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TWS Position Statement: The Role of Firearms in Wildlife Conservation and Management in North America
Firearms are an important tool for wildlife conservation and management in North America. Wildlife professionals regularly use firearms as part of their management, research, and law enforcement programs. For example, firearms are used to protect field personnel from dangerous wildlife encounters, humanely euthanize wildlife, reduce wildlife populations to reach specific management objectives, and resolve human-wildlife conflicts through the removal of individual animals. Firearms are also essential for conservation law enforcement.
Regulated hunting and trapping are used to help achieve some wildlife population management goals and objectives. Personal ownership and use of firearms is integral to traditional, social, cultural, economic, subsistence, and wildlife management purposes of hunting and trapping.
The sale of firearms in some jurisdictions in North America also play a key role in financing wildlife conservation and management programs. In the United States, the Federal Aid in Wildlife Restoration program, established by the 1937 Pittman-Robertson Act (16 U.S.C. §669) directs revenue from a federal excise tax on firearms, ammunition, and archery equipment to state and territorial fish and wildlife agencies. These funds are dedicated to wildlife conservation, management, research, and restoration projects for wild birds and mammals as well as to help fund instruction on firearms safety, recruitment and retention of target shooters and hunters, and the construction and maintenance of shooting ranges. Through 2022, the Pittman-Robertson Act has provided more than $14.6 billion to state and territorial fish and wildlife agencies. Non-hunting uses of firearms (e.g., target shooting, personal defense) contribute to this fund, and in recent years generate about 70% of the revenue. The sale of hunting and trapping licenses combined with the revenues generated by these excise taxes account for the majority of funding for state and territorial wildlife conservation and management programs. The distribution of funds and oversight of projects to ensure they meet statutory and regulatory requirements is administered by the U.S. Fish and Wildlife Service.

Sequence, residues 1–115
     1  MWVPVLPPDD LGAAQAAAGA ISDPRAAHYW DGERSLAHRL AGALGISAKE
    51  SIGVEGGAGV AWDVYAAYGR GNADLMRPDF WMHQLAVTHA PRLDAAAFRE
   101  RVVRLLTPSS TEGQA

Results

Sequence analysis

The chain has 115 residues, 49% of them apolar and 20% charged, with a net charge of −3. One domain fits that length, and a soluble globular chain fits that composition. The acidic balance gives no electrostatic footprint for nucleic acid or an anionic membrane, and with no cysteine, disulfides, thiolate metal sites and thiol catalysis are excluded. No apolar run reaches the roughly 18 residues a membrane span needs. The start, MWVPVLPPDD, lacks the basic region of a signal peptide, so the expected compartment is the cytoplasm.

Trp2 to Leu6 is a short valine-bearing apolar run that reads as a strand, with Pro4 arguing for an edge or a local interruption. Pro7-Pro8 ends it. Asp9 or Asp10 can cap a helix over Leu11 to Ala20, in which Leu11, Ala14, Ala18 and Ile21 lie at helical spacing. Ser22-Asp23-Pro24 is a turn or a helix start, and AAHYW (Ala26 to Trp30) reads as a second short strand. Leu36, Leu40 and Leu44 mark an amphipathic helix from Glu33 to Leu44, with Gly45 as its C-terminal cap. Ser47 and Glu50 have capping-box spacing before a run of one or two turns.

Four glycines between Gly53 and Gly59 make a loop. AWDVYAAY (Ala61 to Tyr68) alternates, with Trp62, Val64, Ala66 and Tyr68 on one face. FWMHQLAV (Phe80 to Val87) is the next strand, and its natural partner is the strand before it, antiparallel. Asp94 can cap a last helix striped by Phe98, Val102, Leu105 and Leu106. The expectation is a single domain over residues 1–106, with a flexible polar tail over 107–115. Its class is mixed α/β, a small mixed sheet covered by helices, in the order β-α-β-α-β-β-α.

The policy of The Wildlife Society regarding firearms in wildlife conservation and management in North America is as follows:
- Recognize the legal sale, ownership, and responsible use of firearms by hunters and trappers is important for wildlife conservation and management.
- Recognize that firearms are an appropriate method to quickly, safely, and humanely dispatch wildlife in a manner that can allow for sustenance use of the animal.
- Support training in the responsible use of firearms for wildlife students and professionals for managing wildlife, resolving human-wildlife conflicts, humane dispatch of animals, public safety, and personal protection.
- Support the development and continuation of educational programs focused on firearms safety and the responsible, legal use of firearms related to hunting, trapping, and target shooting. This includes supporting and improving hunter education programs, and encouraging the development and maintenance of public shooting facilities to foster safe and skillful firearm use.
- Encourage the exchange of information among wildlife professionals about laws, regulations, and customs related to the legal ownership and use of firearms in wildlife conservation and management across North America.
- In the United States, support the integrity of the Pittman-Robertson Act and its implementing regulations and policies:
- Work to ensure that the revenues derived from these federal excise taxes continue to be used by state and territorial fish and wildlife agencies solely to support wildlife conservation, management, research, and restoration projects as well as other eligible activities, as stipulated in applicable laws, regulations, and policies;
- Encourage communication and outreach initiatives with industry, nongovernmental organizations, and fish and wildlife agency partners to maintain and increase support for state and territorial programs funded via the Pittman-Robertson Act;
- Encourage state and territorial fish and wildlife agencies to use Pittman-Robertson Act funds to increase access and support for programs that advance wildlife conservation and management, firearms safety, and access to shooting facilities, including under-resourced communities.
Approved by TWS Council in March 2023.